Trump defends work habits, attacks media in series of tweets

President TrumpDonald John TrumpCNN's Anderson Cooper: Trump's Bubba Wallace tweet was 'racist, just plain and simple' Beats by Dre announces deal with Bubba Wallace, defends him after Trump remarks Overnight Defense: DOD reportedly eyeing Confederate flag ban | House military spending bill blocks wall funding MORE lashed out at the national news media over coverage of his work habits and the investigation into Russian interference in the 2016 election in a series of tweets Sunday afternoon.

The president first unleashed a pair of tweets apparently prompted by an article published Thursday in The New York Times detailing the president's private life and work schedule during the coronavirus pandemic. Trump said he was "a hard worker" and labeled the report by Katie Rogers and Annie Karni "a phony story" that was "written by a third rate reporter who knows nothing about me."

"I work from early in the morning until late at night, haven’t left the White House in many months (except to launch Hospital Ship Comfort) in order to take care of Trade Deals, Military Rebuilding etc., and then I read a phony story in the failing @nytimes about my work schedule and eating habits, written by a third rate reporter who knows nothing about me," he wrote.

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"I will often be in the Oval Office late into the night & read & see that I am angrily eating a hamburger & Diet Coke in my bedroom. People with me are always stunned. Anything to demean!" Trump added.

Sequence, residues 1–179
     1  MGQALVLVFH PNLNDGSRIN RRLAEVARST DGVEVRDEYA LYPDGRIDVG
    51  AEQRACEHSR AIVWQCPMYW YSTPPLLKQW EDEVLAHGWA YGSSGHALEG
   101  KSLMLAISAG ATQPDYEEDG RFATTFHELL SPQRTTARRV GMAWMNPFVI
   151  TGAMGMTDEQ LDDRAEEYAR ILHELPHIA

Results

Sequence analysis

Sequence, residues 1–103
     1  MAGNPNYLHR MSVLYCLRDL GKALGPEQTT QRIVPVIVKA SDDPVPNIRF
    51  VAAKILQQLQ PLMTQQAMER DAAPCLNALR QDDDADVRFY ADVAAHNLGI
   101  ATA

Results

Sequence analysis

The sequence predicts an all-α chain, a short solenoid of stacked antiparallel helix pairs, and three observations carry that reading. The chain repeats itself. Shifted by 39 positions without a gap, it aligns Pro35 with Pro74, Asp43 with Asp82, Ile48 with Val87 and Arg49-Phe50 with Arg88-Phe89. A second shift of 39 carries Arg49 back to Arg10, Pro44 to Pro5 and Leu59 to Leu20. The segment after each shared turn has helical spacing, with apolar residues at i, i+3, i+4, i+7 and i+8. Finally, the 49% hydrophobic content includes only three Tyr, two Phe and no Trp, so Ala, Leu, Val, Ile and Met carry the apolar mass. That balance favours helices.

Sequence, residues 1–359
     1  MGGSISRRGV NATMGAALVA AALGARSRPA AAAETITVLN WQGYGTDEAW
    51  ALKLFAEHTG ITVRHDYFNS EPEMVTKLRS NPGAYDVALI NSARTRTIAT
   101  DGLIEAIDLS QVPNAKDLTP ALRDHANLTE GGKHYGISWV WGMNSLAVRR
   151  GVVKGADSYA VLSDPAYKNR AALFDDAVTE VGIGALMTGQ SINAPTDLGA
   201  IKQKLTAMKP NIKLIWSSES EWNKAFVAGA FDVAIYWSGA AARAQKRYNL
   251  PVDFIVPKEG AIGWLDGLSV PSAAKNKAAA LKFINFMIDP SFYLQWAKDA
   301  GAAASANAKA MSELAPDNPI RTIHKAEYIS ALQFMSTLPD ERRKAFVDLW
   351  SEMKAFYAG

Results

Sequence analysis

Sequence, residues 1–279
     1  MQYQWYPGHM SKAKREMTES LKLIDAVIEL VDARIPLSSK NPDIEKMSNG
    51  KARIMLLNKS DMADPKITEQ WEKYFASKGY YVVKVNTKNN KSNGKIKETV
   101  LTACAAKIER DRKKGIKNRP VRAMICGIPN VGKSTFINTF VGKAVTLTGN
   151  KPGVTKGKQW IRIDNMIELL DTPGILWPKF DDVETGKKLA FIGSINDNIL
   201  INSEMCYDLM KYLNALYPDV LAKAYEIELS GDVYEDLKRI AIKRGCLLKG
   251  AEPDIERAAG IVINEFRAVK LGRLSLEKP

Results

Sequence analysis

In a series of tweets minutes later, the president went on the attack once more, this time saying reporters who had received Nobel Prizes — misspelled as "Noble" in the tweets — for their efforts to report on the special counsel investigation into the Trump campaign and Russia should return the prizes.

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"When will all of the 'reporters' who have received Noble Prizes for their work on Russia, Russia, Russia, only to have been proven totally wrong (and, in fact, it was the other side who committed the crimes), be turning back their cherished 'Nobles' so that they can be given to the REAL REPORTERS & JOURNALISTS who got it right," the president tweeted.

"When will the Noble Committee Act? Better be fast!" he added, repeating his misspelling of the Nobel Prize Committee.

The second set of tweets was widely mocked on Twitter over the president's repeated misspelling of "Nobel" and the fact that there is no Nobel Prize for journalism. Two news organizations did receive Pulitzer Prizes — the highest award in journalism — in 2019 for Trump-related stories, but neither of those stories focused on the Russia investigation.